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Karl Ove Knausgaard discovers America

The man is a vivid, thoughtful and amusingly neurotic writer whom many can’t stand – Karl Ove Knausgaard, author of lengthy introspective non-fiction volumes, disguised as novels, about every moment of his life, was invited by the NYT to drive around America and write about it. The resulting essay is engaging and hilarious, as he spends a few distraught days in a snowstorm in Newfoundland and finally gets to the States. I copied a few of my favourite bits to give you the flavour; the link to the whole article is at the end. Take your time; read it and enjoy.

In the meantime, the brutal, almost unbearable cold here continues, but at least it’s sunny. So – could be worse. Today at the Y I watched a woman who must have MS make her extremely slow way down the stairs, and I resolved I would not complain about the cold or anything else. My legs work. What is there to complain about?

Here’s the delightful Karl Ove Knausgaard:

When we
drove out of Cleveland a few hours later, I was worried; I hadn’t seen anything
yet that I could write about. To be able to describe something, you have to
feel some kind of emotional attachment to it, however faint. The external has
to awaken something within; nothing means anything in itself, it is the
resonance it produces, in the soul and in the language, that gives meaning to
the thing described. Cleveland meant nothing to me. The air was freezing, the
windows of the skyscrapers twinkled, people hurried singly through the nearly
deserted streets; outside a car in a parking lot lay a pile of sliced white
bread, surrounded by a flock of birds. They took off when Peter opened the car
door to take a picture of them; their abrupt departure was like the opening of
a fan.

As we
drove through the snow-covered landscape
, surrounded by cars with smoke
fluttering out of their exhaust pipes, under the gray-white sky, past rows of
run-down buildings, interspersed with clumps of colorless trees standing in colorless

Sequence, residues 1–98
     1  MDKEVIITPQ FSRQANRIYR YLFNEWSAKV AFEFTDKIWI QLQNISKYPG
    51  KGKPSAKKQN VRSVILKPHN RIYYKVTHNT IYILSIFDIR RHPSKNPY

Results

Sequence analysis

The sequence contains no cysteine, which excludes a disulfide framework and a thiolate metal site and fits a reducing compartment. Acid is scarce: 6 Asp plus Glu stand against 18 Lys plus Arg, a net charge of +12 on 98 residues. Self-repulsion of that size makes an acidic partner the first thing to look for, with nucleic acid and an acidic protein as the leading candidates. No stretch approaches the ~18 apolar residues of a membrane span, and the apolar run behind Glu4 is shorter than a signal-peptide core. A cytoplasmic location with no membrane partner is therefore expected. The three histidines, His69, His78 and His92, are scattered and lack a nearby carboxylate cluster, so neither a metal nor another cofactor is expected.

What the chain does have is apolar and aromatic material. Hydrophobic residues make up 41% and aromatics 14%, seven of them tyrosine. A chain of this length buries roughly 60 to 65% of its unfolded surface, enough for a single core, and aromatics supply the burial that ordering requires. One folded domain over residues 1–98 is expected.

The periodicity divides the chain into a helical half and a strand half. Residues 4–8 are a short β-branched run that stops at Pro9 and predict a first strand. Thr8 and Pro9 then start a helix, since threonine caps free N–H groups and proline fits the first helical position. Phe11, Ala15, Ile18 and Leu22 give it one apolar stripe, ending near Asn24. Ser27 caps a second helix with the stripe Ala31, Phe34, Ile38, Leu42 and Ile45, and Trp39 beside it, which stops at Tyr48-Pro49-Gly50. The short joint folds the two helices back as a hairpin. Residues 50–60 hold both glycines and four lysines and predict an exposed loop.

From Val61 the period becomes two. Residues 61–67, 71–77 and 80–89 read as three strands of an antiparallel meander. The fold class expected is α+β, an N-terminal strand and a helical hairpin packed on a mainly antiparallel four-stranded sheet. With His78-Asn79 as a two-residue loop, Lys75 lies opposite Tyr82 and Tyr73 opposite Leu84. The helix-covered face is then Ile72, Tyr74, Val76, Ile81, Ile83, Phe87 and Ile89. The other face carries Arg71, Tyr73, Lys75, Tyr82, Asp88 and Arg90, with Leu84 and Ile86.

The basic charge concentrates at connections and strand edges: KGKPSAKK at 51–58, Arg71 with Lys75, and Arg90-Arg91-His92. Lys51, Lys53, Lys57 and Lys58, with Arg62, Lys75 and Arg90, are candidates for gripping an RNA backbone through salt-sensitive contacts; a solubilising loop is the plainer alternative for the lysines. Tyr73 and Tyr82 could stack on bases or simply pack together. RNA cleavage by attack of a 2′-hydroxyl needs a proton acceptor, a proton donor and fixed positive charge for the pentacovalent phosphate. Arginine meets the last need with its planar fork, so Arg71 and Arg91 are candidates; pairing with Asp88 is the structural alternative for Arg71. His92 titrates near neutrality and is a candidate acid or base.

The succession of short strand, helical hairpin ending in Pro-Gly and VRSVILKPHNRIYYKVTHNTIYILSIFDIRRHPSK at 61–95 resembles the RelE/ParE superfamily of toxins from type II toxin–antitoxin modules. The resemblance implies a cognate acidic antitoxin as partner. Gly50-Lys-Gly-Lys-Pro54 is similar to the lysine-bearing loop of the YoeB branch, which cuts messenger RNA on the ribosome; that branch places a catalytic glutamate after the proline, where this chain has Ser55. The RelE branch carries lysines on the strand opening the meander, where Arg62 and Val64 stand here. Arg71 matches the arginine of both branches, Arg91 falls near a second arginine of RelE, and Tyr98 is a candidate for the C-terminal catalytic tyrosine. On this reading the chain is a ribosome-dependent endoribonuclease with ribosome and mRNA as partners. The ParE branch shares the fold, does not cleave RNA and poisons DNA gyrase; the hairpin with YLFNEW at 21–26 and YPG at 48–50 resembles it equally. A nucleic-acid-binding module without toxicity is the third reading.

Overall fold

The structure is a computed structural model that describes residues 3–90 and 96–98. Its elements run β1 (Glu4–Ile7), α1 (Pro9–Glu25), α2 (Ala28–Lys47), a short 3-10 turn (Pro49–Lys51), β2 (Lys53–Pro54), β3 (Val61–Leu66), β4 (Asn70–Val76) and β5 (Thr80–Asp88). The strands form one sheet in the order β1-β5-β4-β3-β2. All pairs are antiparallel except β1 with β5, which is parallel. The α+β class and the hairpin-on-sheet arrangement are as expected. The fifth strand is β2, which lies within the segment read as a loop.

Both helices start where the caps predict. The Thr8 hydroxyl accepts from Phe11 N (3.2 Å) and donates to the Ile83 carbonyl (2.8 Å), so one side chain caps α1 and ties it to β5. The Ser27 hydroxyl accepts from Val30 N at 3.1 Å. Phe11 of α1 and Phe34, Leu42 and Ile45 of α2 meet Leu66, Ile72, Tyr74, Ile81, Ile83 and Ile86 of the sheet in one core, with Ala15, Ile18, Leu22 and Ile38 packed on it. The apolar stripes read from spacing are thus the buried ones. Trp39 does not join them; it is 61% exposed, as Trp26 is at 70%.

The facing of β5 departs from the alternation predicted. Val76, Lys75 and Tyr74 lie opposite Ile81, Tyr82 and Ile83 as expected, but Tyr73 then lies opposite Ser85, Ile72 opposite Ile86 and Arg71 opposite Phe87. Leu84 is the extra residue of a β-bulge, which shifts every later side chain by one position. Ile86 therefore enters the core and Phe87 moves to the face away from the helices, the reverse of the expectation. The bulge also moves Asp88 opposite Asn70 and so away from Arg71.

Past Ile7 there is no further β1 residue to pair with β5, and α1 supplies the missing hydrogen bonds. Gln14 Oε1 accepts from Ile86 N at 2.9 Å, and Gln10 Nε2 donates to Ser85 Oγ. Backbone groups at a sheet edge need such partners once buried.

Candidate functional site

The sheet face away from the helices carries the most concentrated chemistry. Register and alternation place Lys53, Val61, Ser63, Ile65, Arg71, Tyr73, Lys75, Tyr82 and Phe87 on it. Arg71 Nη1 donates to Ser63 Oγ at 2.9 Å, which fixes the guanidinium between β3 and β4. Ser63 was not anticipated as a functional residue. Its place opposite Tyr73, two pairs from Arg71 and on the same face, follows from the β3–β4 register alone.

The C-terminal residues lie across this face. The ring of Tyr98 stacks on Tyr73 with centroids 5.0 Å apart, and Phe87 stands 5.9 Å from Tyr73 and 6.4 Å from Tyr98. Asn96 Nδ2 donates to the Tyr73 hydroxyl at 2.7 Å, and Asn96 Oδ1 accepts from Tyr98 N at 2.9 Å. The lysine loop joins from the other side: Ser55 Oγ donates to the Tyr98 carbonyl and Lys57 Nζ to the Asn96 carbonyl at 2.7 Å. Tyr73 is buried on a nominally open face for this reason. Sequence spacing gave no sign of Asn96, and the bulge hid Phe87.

fields, the feeling I got was that something here was over, that something had
been emptied out and that nothing new had begun. But perhaps that was too harsh
a judgment to pass on a whole country after spending three hours in it?

I’d seen
poverty before, of course, even incomprehensible poverty, as in the slums
outside Maputo, in Mozambique. But I’d never seen anything like this (
downtown Detroit). If what I
had seen tonight — house after house after house abandoned, deserted, decaying
as if there had been disaster — if this was poverty, then it must be a new kind of poverty, maybe in the same way that the wealth that had amassed here in the
20th century had been a new kind of wealth. I had never really understood how a
nation that so celebrated the individual could obliterate all differences the
way this country did. In a system of mass production, the individual workers
are replaceable and the products are identical. The identical cars are followed
by identical gas stations, identical restaurants, identical motels and, as an
extension of these, by identical TV screens, which hang everywhere in this
country, broadcasting identical entertainment and identical dreams. Not even
the Soviet Union at the height of its power had succeeded in creating such a
unified, collective identity as the one Americans lived their lives within.
When times got rough, a person could abandon one town in favor of another, and
that new town would still represent the same thing.



4 Responses to “Karl Ove Knausgaard discovers America”

  1. Anonymous says:

    Hilarious! Please post the next part, can't wait to read about his travels through Minnestoa. Carole

  2. beth says:

    Will do. It's as if we're inside his head – whether we want to be or not.

  3. Anonymous says:

    Almost a stream of consciousness, loved it, although
    I've struck Detroit off my must visit places list! Carole

  4. beth says:

    Well, if you liked that article, Carole, there are at least four very long books by Karl Ove awaiting your reading pleasure. And … it's true, I do not see you jetting across the ocean to visit Detroit.

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